Nerve Injury After Shoulder SurgeryWhy We Declined The Case

We were recently contacted by an individualwho Had gotten into an auto collision and afterthe Collision had shoulder surgery after the Surgery this particular person was complaining About nerve pain and nerve injury shootingdown The arm and into the hand and the questionwas Did the s do something in the surgery That constituted medical malpractice whichis

What caused the nerve damage or the nervepain in this particular individual's arm helloI'm Marcus Boston and I am a medical malpractice Attorney practicing law here in the stateof Maryland and I would like to talk with youtoday About why not every bad result during a surgeryis Medical malpractice here in Maryland in the Incident that I am talking to you about whatwe

Had to do is we got the records and we hadan Medical expert take a look at the records And during the records if was discovered during The surgical notes and some of the other notes In the records that the s who performed The surgery followed the standard of carethere Was no type of deviation from the standardin this Particular individual's situation and as aresult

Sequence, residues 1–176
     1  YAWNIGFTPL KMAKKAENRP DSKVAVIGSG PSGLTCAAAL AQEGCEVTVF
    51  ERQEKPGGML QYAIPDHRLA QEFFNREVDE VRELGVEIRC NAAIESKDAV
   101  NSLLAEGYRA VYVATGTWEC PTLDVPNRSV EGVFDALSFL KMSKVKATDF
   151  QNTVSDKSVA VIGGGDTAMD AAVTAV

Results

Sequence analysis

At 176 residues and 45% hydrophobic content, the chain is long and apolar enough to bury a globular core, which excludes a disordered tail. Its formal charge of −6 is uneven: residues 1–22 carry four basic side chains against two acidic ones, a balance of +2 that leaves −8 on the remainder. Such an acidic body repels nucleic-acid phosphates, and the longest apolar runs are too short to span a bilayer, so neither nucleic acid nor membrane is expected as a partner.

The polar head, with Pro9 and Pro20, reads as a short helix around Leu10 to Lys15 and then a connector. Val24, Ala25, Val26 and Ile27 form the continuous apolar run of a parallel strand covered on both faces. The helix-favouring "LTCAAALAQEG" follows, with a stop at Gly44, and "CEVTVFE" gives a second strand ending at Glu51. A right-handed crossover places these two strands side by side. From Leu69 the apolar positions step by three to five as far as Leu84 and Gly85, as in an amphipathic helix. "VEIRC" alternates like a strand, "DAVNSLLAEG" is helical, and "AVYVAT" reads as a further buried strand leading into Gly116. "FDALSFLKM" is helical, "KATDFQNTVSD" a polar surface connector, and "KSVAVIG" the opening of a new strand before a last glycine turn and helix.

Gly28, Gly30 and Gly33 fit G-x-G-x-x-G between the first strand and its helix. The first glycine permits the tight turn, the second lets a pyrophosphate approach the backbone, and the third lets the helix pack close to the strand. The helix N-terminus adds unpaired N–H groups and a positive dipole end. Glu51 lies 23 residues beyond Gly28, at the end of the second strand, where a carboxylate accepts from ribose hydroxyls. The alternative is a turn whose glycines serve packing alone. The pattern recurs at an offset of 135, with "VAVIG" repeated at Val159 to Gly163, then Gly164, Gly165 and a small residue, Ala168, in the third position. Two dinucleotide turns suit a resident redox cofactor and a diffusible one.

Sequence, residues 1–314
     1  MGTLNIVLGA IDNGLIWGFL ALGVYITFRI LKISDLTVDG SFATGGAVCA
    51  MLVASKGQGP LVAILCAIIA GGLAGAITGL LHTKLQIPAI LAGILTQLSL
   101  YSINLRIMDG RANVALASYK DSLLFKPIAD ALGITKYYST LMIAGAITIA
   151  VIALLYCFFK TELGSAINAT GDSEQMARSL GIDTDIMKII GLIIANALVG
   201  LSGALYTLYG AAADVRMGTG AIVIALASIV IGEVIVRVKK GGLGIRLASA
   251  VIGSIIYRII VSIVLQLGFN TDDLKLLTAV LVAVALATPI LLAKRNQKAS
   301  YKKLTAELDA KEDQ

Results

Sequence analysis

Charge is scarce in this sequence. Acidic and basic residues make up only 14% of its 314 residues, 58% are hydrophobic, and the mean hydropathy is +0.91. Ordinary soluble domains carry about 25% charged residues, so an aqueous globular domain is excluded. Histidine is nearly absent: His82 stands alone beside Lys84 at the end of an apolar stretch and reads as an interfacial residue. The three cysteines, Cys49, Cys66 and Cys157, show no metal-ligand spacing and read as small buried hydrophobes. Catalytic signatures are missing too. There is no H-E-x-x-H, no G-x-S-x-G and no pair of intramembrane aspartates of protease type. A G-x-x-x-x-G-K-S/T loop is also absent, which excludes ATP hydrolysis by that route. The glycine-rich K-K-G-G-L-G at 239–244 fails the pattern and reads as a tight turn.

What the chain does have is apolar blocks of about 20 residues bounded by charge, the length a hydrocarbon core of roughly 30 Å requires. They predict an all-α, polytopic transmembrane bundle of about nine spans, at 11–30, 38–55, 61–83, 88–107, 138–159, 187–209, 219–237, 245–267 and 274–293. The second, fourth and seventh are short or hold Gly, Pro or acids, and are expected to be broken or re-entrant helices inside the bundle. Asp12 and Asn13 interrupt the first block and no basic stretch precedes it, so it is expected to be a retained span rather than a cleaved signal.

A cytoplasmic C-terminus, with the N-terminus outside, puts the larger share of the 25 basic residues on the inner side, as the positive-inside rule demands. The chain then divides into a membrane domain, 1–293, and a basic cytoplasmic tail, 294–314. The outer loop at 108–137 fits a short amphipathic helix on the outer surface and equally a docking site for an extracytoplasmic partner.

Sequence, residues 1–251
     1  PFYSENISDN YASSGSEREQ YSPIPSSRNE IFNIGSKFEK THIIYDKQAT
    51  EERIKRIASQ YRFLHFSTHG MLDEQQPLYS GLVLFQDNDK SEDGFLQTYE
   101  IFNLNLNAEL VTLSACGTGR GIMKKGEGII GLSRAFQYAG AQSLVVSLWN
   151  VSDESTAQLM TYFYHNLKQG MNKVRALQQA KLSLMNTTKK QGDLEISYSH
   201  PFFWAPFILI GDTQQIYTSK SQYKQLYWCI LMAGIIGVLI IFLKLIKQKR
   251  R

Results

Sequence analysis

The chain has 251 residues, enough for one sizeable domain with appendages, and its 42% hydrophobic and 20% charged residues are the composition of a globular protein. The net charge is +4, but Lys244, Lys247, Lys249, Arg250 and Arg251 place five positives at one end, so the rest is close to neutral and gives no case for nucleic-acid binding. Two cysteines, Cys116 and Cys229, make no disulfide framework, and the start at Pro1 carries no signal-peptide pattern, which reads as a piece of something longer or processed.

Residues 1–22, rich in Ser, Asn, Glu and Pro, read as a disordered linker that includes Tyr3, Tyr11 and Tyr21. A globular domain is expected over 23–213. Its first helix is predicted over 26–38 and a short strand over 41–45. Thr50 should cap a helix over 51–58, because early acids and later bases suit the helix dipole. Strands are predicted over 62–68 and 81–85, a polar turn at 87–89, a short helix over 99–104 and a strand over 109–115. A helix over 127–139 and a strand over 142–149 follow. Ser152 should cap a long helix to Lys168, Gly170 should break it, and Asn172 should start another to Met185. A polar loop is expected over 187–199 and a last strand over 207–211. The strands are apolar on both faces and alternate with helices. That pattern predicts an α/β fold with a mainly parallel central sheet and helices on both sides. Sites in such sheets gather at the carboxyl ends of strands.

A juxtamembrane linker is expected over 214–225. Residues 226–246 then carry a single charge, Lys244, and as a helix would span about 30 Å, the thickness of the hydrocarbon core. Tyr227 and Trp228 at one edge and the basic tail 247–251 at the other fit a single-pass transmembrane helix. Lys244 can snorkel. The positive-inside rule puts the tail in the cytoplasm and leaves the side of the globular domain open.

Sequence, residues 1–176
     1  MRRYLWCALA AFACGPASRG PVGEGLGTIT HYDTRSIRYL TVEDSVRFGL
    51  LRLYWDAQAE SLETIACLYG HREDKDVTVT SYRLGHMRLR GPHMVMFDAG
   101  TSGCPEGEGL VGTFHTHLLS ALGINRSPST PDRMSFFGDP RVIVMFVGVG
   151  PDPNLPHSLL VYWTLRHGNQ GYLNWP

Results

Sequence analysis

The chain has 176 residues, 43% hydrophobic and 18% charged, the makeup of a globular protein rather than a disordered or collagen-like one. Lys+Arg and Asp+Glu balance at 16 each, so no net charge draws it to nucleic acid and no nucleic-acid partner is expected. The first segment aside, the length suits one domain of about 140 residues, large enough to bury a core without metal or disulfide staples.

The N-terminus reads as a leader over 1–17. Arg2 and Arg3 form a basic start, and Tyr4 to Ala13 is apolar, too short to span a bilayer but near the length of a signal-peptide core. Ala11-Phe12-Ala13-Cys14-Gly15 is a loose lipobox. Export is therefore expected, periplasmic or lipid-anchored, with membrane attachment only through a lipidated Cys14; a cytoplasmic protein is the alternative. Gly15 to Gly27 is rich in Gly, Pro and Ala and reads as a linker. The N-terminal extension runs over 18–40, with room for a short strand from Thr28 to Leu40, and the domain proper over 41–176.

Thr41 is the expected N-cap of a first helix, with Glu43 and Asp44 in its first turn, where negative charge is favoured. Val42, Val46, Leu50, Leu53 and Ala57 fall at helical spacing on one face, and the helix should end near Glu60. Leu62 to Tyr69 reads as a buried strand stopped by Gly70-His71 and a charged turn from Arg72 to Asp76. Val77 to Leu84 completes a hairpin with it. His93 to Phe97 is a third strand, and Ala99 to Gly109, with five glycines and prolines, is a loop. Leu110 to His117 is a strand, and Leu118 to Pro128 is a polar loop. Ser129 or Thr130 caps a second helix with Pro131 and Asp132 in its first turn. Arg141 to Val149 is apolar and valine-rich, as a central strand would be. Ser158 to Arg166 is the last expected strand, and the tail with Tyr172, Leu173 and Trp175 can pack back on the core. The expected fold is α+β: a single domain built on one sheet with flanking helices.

Of that we had to conclude during our investigation And looking at some more other things thatthis Case would not be succesful if you are watching This tutorial and you are wondering you're saying I had a bad result is this medical malpractice The truth of the matter is that unless your DOctor fell below the standard of care inyour Situation and by falling below the standardof

Care this is what caused your injury you will Not be successful unless you can show that So why have I taken the time to explain thisto You today? Becuase you are probably wonderingthe Same things in this tutorial you've had a badresult During a surgery or some type of medical procedure Did the mess up did the fallbelow The standard of care? This is what I inviteyou

To do pick up the phone and give us a callwe can Be reached at 3018504832 or you can go ahead And send us an email to medicalinjury@bostonlawllc We answer questions like yours regarding Maryland medical malpractice cases all the time andwe would Be glad to listen to your story if you are Watching this tutorial on YouTube and you likewhat You just watched go ahead an like the tutorialand

Category: Neuropathy Treatment